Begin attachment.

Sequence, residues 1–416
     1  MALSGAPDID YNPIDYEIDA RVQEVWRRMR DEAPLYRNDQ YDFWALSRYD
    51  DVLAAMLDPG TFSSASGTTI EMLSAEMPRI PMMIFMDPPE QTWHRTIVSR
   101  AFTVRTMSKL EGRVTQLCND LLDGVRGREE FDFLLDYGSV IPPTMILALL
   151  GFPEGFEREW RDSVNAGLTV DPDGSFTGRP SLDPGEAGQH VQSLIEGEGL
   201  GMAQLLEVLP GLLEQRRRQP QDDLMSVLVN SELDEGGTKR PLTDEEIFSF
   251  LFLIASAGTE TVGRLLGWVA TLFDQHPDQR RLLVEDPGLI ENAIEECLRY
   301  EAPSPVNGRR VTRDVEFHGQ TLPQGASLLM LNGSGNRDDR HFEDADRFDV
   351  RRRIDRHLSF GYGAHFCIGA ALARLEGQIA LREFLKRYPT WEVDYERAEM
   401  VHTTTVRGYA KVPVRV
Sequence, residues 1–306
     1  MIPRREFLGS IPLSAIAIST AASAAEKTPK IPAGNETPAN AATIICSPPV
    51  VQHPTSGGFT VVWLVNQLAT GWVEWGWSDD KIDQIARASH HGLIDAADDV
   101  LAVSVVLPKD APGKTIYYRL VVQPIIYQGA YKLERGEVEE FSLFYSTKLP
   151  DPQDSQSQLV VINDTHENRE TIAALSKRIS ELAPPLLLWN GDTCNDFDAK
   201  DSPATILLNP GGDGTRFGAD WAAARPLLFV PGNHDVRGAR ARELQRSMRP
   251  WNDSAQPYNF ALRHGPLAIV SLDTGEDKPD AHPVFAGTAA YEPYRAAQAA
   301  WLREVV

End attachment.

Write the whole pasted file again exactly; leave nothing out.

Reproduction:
Sequence, residues 1–416
     1  MALSGAPDID YNPIDYEIDA RVQEVWRRMR DEAPLYRNDQ YDFWALSRYD
    51  DVLAAMLDPG TFSSASGTTI EMLSAEMPRI PMMIFMDPPE QTWHRTIVSR
   101  AFTVRTMSKL EGRVTQLCND LLDGVRGREE FDFLLDYGSV IPPTMILALL
   151  GFPEGFEREW RDSVNAGLTV DPDGSFTGRP SLDPGEAGQH VQSLIEGEGL
   201  GMAQLLEVLP GLLEQRRRQP QDDLMSVLVN SELDEGGTKR PLTDEEIFSF
   251  LFLIASAGTE TVGRLLGWVA TLFDQHPDQR RLLVEDPGLI ENAIEECLRY
   301  EAPSPVNGRR VTRDVEFHGQ TLPQGASLLM LNGSGNRDDR HFEDADRFDV
   351  RRRIDRHLSF GYGAHFCIGA ALARLEGQIA LREFLKRYPT WEVDYERAEM
   401  VHTTTVRGYA KVPVRV
Sequence, residues 1–306
     1  MIPRREFLGS IPLSAIAIST AASAAEKTPK IPAGNETPAN AATIICSPPV
    51  VQHPTSGGFT VVWLVNQLAT GWVEWGWSDD KIDQIARASH HGLIDAADDV
   101  LAVSVVLPKD APGKTIYYRL VVQPIIYQGA YKLERGEVEE FSLFYSTKLP
   151  DPQDSQSQLV VINDTHENRE TIAALSKRIS ELAPPLLLWN GDTCNDFDAK
   201  DSPATILLNP GGDGTRFGAD WAAARPLLFV PGNHDVRGAR ARELQRSMRP
   251  WNDSAQPYNF ALRHGPLAIV SLDTGEDKPD AHPVFAGTAA YEPYRAAQAA
   301  WLREVV